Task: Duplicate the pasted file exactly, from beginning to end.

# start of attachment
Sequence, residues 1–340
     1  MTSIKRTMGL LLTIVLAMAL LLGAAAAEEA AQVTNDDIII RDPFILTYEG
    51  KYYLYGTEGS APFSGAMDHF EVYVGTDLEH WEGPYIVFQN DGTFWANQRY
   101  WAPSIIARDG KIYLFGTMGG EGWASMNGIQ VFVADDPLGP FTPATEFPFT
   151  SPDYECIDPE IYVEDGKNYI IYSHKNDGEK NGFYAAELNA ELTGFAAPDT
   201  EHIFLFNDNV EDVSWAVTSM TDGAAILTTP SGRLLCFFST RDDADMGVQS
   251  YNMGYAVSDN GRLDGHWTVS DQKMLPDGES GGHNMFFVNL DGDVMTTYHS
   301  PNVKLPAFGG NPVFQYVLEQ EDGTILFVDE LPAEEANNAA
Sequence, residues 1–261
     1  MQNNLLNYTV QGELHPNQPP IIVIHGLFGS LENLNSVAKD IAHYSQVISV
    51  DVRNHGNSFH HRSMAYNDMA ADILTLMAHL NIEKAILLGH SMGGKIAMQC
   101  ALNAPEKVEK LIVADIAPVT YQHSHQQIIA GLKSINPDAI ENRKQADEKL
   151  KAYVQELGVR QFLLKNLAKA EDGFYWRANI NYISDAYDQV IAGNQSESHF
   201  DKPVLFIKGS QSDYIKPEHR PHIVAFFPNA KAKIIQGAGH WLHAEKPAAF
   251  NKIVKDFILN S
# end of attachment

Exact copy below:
Sequence, residues 1–340
     1  MTSIKRTMGL LLTIVLAMAL LLGAAAAEEA AQVTNDDIII RDPFILTYEG
    51  KYYLYGTEGS APFSGAMDHF EVYVGTDLEH WEGPYIVFQN DGTFWANQRY
   101  WAPSIIARDG KIYLFGTMGG EGWASMNGIQ VFVADDPLGP FTPATEFPFT
   151  SPDYECIDPE IYVEDGKNYI IYSHKNDGEK NGFYAAELNA ELTGFAAPDT
   201  EHIFLFNDNV EDVSWAVTSM TDGAAILTTP SGRLLCFFST RDDADMGVQS
   251  YNMGYAVSDN GRLDGHWTVS DQKMLPDGES GGHNMFFVNL DGDVMTTYHS
   301  PNVKLPAFGG NPVFQYVLEQ EDGTILFVDE LPAEEANNAA
Sequence, residues 1–261
     1  MQNNLLNYTV QGELHPNQPP IIVIHGLFGS LENLNSVAKD IAHYSQVISV
    51  DVRNHGNSFH HRSMAYNDMA ADILTLMAHL NIEKAILLGH SMGGKIAMQC
   101  ALNAPEKVEK LIVADIAPVT YQHSHQQIIA GLKSINPDAI ENRKQADEKL
   151  KAYVQELGVR QFLLKNLAKA EDGFYWRANI NYISDAYDQV IAGNQSESHF
   201  DKPVLFIKGS QSDYIKPEHR PHIVAFFPNA KAKIIQGAGH WLHAEKPAAF
   251  NKIVKDFILN S